Dear Reader: What follows is an excerpt from Sunday’s sermon manuscript. Enjoy.
What is Idolatry?
40 saying to Aaron, ‘Make for us gods who will go before us. As for this Moses who led us out from the land of Egypt, we do not know what has become of him.’ 41 And they made a calf in those days, and offered a sacrifice to the idol and were rejoicing in the works of their hands. 42 But God turned away and gave them over to worship the host of heaven, as it is written in the book of the prophets: “‘Did you bring to me slain beasts and sacrifices, during the forty years in the wilderness, O house of Israel? 43 You took up the tent of Moloch and the star of your god Rephan, the images that you made to worship; and I will send you into exile beyond Babylon.’ 44 “Our fathers had the tent of witness in the wilderness, just as he who spoke to Moses directed him to make it, according to the pattern that he had seen. 45 Our fathers in turn brought it in with Joshua when they dispossessed the nations that God drove out before our fathers. So it was until the days of David, 46 who found favor in the sight of God and asked to find a dwelling place for the God of Jacob. 47 But it was Solomon who built a house for him. 48 Yet the Most High does not dwell in houses made by hands, as the prophet says, 49 “‘Heaven is my throne, and the earth is my footstool. What kind of house will you build for me, says the Lord, or what is the place of my rest? 50 Did not my hand make all these things?’
The Life of Moses is compelling. The words written in the Scriptures concerning this man grabs and keeps our attention. His life was one full of Drama and Adventure: the Drama and Adventure of following God from slavery to freedom. The Exodus is in many ways a picture of the Christian’s journey to freedom in Christ Jesus. We are drawn to the drama swirling around the life of Moses, because the life of Moses is a life touched by the hand of God.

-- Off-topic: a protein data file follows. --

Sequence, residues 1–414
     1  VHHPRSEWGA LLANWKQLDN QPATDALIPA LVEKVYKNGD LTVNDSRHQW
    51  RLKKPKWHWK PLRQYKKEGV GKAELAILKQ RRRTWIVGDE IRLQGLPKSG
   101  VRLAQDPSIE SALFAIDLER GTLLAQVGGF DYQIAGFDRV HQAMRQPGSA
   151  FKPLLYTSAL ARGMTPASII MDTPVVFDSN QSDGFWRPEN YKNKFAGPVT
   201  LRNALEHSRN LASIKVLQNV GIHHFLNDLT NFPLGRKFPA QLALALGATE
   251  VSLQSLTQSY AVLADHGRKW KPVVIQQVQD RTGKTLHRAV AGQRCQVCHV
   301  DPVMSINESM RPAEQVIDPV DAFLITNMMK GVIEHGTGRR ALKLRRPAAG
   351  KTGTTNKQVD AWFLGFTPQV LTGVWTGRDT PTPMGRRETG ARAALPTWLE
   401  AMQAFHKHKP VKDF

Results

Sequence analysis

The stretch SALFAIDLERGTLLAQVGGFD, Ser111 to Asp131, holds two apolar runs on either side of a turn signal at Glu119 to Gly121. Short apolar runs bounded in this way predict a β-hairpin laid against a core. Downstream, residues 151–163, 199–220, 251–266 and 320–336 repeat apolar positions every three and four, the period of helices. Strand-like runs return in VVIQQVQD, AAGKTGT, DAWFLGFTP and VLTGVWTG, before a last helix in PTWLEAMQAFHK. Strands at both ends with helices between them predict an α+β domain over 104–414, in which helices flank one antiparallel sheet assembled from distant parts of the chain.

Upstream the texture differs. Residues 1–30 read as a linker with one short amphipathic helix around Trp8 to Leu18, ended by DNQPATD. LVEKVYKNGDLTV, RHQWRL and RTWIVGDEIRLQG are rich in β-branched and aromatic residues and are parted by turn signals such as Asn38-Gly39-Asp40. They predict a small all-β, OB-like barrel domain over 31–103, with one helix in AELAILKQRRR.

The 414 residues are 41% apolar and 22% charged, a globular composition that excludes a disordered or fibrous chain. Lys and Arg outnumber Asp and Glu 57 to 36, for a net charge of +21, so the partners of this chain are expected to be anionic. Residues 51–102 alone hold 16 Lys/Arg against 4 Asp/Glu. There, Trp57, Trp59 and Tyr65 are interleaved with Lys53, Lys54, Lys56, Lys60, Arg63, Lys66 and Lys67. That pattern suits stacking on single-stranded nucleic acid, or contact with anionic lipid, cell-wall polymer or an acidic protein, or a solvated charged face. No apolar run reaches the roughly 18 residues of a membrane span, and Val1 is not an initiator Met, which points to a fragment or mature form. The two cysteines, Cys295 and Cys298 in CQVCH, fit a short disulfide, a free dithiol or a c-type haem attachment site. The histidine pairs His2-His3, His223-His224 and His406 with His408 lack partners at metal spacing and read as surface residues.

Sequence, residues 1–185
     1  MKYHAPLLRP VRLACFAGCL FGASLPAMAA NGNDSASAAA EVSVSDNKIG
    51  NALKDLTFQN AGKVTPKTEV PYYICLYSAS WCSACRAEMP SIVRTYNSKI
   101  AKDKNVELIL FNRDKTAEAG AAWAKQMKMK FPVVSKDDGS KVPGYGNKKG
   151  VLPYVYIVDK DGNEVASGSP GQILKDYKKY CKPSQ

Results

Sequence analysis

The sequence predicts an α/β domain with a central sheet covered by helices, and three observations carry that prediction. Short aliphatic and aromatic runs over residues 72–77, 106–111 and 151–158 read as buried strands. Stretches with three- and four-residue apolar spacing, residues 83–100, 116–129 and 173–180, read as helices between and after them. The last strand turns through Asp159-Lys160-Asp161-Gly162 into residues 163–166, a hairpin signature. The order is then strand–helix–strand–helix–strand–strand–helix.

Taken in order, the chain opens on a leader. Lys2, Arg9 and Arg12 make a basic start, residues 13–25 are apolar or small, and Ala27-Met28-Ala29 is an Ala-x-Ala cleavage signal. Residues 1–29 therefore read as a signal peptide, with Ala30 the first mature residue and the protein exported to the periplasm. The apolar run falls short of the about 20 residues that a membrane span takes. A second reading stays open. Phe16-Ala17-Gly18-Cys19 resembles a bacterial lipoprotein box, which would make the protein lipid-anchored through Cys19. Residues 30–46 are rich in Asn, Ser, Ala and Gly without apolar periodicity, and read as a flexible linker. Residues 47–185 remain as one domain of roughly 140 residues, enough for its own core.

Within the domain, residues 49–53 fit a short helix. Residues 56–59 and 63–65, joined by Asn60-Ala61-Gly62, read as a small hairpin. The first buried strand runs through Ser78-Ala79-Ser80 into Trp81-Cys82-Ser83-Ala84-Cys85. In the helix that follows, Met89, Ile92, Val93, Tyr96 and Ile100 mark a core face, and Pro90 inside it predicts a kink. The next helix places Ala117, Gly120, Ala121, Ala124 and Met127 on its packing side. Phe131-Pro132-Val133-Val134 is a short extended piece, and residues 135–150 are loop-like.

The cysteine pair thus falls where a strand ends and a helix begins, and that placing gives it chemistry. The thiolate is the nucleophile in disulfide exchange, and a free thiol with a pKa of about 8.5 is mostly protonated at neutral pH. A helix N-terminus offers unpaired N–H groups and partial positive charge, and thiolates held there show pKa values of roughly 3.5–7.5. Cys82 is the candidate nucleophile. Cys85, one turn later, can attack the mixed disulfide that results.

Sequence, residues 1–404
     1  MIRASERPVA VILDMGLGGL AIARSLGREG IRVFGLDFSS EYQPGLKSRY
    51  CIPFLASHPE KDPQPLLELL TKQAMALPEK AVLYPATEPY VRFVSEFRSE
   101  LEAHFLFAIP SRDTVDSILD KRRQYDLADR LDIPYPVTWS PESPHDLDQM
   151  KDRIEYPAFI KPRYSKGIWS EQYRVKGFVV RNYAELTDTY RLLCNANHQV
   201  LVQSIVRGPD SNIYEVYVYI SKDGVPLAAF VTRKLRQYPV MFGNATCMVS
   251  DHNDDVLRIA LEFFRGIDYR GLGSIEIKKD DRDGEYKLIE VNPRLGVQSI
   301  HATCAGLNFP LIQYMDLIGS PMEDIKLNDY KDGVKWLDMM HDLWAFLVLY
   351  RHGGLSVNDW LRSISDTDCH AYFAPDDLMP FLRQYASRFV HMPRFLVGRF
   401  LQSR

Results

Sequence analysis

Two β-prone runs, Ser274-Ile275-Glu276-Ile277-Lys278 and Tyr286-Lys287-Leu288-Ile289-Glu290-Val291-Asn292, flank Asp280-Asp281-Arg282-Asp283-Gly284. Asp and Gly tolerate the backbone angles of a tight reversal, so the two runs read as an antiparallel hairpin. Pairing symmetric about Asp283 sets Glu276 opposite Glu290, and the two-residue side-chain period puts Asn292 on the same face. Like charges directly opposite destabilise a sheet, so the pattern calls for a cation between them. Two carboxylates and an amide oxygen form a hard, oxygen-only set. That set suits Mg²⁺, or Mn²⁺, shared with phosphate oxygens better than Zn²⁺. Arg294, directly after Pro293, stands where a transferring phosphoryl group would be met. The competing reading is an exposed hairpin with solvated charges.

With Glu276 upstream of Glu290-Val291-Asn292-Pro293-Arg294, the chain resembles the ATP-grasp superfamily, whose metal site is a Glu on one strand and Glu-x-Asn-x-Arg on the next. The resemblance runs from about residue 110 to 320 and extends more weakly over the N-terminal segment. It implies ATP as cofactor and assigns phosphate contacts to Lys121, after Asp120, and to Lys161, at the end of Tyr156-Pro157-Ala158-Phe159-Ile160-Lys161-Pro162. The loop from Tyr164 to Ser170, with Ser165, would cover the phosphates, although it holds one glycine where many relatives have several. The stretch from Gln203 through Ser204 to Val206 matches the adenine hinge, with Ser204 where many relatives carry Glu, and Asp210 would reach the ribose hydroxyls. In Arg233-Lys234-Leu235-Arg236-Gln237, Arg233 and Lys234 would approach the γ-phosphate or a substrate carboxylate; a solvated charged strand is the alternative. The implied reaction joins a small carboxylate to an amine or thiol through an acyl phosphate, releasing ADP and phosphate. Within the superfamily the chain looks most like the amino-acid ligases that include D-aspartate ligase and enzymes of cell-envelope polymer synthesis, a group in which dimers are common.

Stephen preaches to his judges that after all the sacrifice, doubt, drama, pain and toil, sweat and tears, strife and sanctification, setbacks and gigantic leaps: after winning the people over and over and being lead by God from the land of slavery to the mountain of God: the people turned their hearts back to Egypt.
The Israelites turned their hearts toward Egypt rather than Heaven? After God had just poured out a truckload of plague and judgment on Egypt for oppressing His children? After they walked through the Red Sea on dry land? After they had walked trough the coolest aquarium ever?
But before we rush to judge the Israelites lets make sure we look at our own walk. Has God not done great things for us? Is He not mighty in salvation? Has he not forgiven the Christian? And do we ever turn our hearts away from Him toward the very things that break His heart and pierced His Son’s hands?
Stephen the deacon continues to use his last breath to preach good news to his enemies.
40 saying to Aaron, ‘Make for us gods who will go before us. As for this Moses who led us out from the land of Egypt, we do not know what has become of him.’ 41 And they made a calf in those days, and offered a sacrifice to the idol and were rejoicing in the works of their hands.
Stephen starts talking about this heinous event that is written about in Exodus 32. Moses had gone up to the mountain to receive revelation from God. God had outlined the priestly clothes and duties that apply to Moses’ brother Aaron and his sons. God had told Moses about the Sabbath, which was a gift to the people, a day off for refreshing, saying that He had created the entire world in 6 day and on the 7th He rested. The Sabbath was an unheard of gift in those days when people worked 7 days a week. Moses was perhaps looking forward to delivering the gift of a day off to these former slaves, but instead of delivering good news he was about to receive a rude awakening.
For God says to Moses: you better get down there. The people you lead out of Egypt are down there playing the fool.
Now, picture this. Moses has gone up the mountain to commune with God and receive good things from God for his people, but instead, Moses has to cut the trip short, plead for God to avert His burning wrath (by reminding God of His promises to Abraham) and leave the mountain in order to baby sit Israel.